Over the last 44 years, Allen Grubman has built Grubman Shire Meiselas & Sacks from a small firm into an international legal powerhouse covering all areas of entertainment. Its core has always been music, the area where Grubman has established himself as a confidante of the industry’s biggest stars and moguls, a fierce negotiator and a dealmaker of the highest order—not to mention the most colorful attorney in the biz. His connections to labels, executives and artists are legendary—every CEO of a major music group has retained Grubman as a consultant over the last 40 years. What’s more, he represents or has represented eight of the other 17 industry figures profiled in this volume.

No other music-business attorney has cast as large a shadow or left a bigger footprint over the last 40 years than Grubman. He’s street-smart, funny and gregarious; powerful captains of industry enjoy his company. And he enjoys a big lifestyle.

Grubman entered the music business at a time of transition. His first job found him stepping into the old-school way of doing business—visiting people like Morris Levy to get a bill paid and walking out with a five-figure settlement—in green, inside a brown paper bag. He saw the adversarial side of the relationship between labels, managers and artists.

“You had to adapt as the times changed,” Grubman has said. “The artists have a difficult time understanding that the [executives] they have to meet are very different people than the ones they would have met 10 or 15 years ago. One of the functions a lawyer performs is, he becomes the bridge between the artist and the executives. If you’re able to do that, you’re able to succeed. I think I’ve done that.”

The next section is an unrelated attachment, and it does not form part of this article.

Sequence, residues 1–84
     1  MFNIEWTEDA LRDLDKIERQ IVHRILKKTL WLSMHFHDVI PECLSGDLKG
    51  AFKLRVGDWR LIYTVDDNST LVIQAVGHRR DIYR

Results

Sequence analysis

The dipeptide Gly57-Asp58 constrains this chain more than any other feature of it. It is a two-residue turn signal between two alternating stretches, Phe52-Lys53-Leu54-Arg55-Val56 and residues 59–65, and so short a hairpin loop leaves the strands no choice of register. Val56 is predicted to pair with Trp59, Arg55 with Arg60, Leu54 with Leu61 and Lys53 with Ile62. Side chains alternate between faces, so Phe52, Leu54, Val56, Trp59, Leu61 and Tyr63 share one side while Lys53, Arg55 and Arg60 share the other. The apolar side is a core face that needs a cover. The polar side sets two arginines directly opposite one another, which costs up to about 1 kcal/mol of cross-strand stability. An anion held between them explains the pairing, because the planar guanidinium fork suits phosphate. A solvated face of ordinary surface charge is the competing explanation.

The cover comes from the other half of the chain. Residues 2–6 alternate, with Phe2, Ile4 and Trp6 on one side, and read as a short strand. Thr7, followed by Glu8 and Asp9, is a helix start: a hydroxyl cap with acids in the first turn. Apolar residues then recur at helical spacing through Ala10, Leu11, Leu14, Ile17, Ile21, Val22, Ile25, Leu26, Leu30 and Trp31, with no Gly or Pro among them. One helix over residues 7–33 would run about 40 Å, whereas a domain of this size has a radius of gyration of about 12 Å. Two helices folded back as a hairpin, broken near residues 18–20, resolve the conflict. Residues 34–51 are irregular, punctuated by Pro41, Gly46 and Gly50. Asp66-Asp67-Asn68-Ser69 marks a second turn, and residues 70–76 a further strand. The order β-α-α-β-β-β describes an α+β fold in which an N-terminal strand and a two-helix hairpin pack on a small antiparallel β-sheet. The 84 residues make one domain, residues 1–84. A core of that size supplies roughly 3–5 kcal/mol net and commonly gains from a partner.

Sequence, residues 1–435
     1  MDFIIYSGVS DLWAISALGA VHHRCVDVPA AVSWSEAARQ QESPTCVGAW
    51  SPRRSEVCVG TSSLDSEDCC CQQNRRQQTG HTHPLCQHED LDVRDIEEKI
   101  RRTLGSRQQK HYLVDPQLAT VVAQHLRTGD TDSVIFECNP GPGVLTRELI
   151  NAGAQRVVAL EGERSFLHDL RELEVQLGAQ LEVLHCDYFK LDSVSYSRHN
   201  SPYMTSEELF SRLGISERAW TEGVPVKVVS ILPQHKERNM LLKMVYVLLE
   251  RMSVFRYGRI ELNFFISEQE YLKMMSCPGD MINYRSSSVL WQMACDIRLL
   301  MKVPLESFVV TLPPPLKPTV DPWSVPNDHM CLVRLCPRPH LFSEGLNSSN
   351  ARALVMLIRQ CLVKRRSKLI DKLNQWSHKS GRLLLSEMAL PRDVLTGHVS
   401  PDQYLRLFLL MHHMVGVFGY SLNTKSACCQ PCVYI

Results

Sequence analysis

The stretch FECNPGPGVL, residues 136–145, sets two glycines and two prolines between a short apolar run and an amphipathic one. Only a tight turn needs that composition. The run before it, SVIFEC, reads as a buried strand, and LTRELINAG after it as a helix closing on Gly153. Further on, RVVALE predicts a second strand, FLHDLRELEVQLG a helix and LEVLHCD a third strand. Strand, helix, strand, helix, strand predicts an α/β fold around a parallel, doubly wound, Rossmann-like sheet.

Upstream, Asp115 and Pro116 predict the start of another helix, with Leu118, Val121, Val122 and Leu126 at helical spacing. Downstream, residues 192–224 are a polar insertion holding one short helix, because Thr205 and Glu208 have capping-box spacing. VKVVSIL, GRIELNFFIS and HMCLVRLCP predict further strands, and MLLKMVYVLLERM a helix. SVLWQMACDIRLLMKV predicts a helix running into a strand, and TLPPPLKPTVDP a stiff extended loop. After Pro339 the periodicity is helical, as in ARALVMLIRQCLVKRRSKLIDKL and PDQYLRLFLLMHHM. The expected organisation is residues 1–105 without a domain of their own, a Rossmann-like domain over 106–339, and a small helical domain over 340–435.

By the time he hung up his own shingle, in 1974 at the dawn of the disco era, he saw the advantage of firm negotiating, avoiding litigation and—in a move away from legal tradition—embracing practices that in other areas of the law could represent conflicts of interest. The music industry had grown up; legal battles were with corporations, not seat-of-the-pants operations. He saw value in deal-making and partnerships rather than going mano a mano over royalty rates.

He also pioneered the concept of not charging an hourly rate and instead handing a bill to a client after a financial settlement had been made. It quickly made him a millionaire—Forbes had him in the top five of corporate lawyers in the late ’70s based on individual earnings. Businessweek later called him “the most powerful lawyer in the music business.”

His career has rolled out like a superstar’s—one hit leading to another. Success with The Village People and Hall & Oates early on led to Billy Joel for 52nd Street, then Bruce Springsteen prior to his breakthrough Born in the U.S.A., and then John Mellencamp; each artist was impressed with the results of Grubman’s efforts to get larger advances and better royalty rates. U2, Madonna, Lady Gaga, Sting, Elton John, Lionel Richie, Sean Combs and others fill his high-end client roster, along with iHeartMedia, Spotify, Live Nation, Irving Azoff, Doug Morris, David Geffen and Jimmy Iovine. Interestingly, Grubman is no fan of rock & roll—he prefers the music of Frank Sinatra—and therefore has never said, “I listened to your record and I think it could be a hit.” But he has great instincts and can smell success from across the room.

“Anybody who knows me knows that when I represent a client in a transaction, I kill for that client—sometimes to the frustration and anger of the person on the other side of the table—whether or not that person also happens to be a client,” Grubman told the L.A. Times in 1997. “When the guy on the other side of the table sees me trying to get the absolute best deal for my client in that transaction, he realizes that I am going to kill the same way for them when I am hired to work on some future transaction on their behalf.”

In the mid-1990s, Grubman found himself in two of his more famous battles. In 1995, Time Warner’s Michael Fuchs refused to compromise with Interscope founders Ted Field and Jimmy Iovine on the release of several rap albums.

According to Field, interviewed in the L.A. Times, Grubman told Fuchs, “I represent 48 of the top 50 people in the record business. You don’t renege on a deal. You don’t do business that way. This is too small a business to act that way.’ And that was that—we got out.”

Check out the entire Grubman profile here.